With strong communication skills you can create more opportunities to accomplish your work mission.
Great communicators are viewed as successful individuals by co-workers. They become go-to people in an organisation because people equate efficacy with effective communication.
Great communicators contribute more in their organizations and receive more opportunities for promotion and recognition in their careers.
* Build the relationship first for successful communication. For even more successful communication, continue to build the relationship in all interactions in any setting over time. Goodwill has an accumulative effect.
When a great communicator approaches a co-worker, he takes the time to say, 'good morning' and 'how’s your day going?' 'Did you have a great weekend?' The effect of the relationship-building is incalculable. S/he sends the message, each time s/he communicates, that s/he cares about the receiver of the message.
* Your co-workers won’t listen if they don’t believe that you bring expertise to the table. Obtain the knowledge, insight, and forward thinking ability necessary to earn the respect of your colleagues for your industry or subject area expertise.
So, when you think about secrets of great communicators, subject matter expertise may head the list.
* Great communicators listen more than they speak. When they speak, they are frequently asking questions to draw out the knowledge and opinions of their co-workers.
When you allow yourself to listen, you often hear what is not being said. You can read between the spoken lines to understand the whole context of the other person’s thinking and needs.
* When a colleague is speaking, don’t spend the time preparing your response in your mind.
Instead, ask questions for clarification and to make certain that you thoroughly understand what the other person is communicating. Focus your mind on listening and understanding.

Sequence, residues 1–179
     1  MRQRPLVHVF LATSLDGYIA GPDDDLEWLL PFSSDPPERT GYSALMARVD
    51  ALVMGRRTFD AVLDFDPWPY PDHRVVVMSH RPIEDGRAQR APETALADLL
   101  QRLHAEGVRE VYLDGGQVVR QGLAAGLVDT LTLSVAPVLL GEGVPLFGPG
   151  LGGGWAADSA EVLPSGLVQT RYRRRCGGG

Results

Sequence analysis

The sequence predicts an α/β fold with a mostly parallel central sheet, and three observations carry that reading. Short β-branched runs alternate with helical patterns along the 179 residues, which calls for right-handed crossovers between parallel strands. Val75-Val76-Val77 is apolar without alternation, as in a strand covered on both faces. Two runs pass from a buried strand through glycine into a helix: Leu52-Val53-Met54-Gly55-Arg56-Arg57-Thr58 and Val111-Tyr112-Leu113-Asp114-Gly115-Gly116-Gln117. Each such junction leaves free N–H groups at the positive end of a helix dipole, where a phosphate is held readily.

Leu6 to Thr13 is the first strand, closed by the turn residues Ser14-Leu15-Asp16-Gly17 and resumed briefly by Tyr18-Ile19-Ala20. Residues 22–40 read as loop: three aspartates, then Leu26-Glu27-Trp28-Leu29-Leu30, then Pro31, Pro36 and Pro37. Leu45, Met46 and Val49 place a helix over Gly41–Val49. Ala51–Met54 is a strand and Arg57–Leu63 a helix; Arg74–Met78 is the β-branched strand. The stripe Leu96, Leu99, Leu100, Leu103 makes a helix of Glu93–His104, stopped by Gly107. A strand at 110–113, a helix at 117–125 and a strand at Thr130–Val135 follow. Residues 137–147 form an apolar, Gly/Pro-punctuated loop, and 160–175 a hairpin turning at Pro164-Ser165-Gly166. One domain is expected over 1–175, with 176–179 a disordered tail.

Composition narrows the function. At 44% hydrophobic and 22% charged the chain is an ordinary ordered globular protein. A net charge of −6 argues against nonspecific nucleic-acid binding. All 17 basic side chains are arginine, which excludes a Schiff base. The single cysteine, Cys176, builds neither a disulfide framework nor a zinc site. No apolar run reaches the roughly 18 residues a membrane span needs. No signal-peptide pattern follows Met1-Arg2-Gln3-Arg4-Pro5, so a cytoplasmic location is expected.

* When you check your understanding, you avoid miscommunication and misunderstanding. You circumvent hard feelings and protracted explanations about what your co-worker meant.
Use feedback loop to understand what your co-worker tries to communicate instead of ascribing meaning.
* Non-verbal communication is a powerful voice in any interaction. The voice tonality, body language, and facial expressions speak more loudly than the verbal communication (sending) or the actual words in many communication exchanges.
The youngest generation at work may not recognise the importance of talking with co-workers in person.
If you want information that is richer and deeper, and for discussion and exchange, you seek out your co-workers. Great communicators listen with their eyes.
* You want to watch for patterns (is this how your co-worker typically reacts) and inconsistencies (is this consistent with what you expect from this person).
You also want to watch for matching words, message, the tone of voice, and body language. If any of these verbal and non-verbal communication factors are inconsistent or sending different messages, communication failure is imminent.
Co-workers tend to listen to the non-verbal communication over the verbal.
* Pausing before communicating is an under-appreciated skill of great communicators.
If you are going to say anything critical or controversial, or if you're angry or emotional, wait 24 hours before you say it, send it, or post it to see if you still feel that way.
In this era of immediate and constant communication, thoughtful communication goes by the wayside. The instantaneous reaction is promoted and reinforced. It is often ineffective and demeaning.
Great communicators collect their thoughts and develop significant 'I messages.'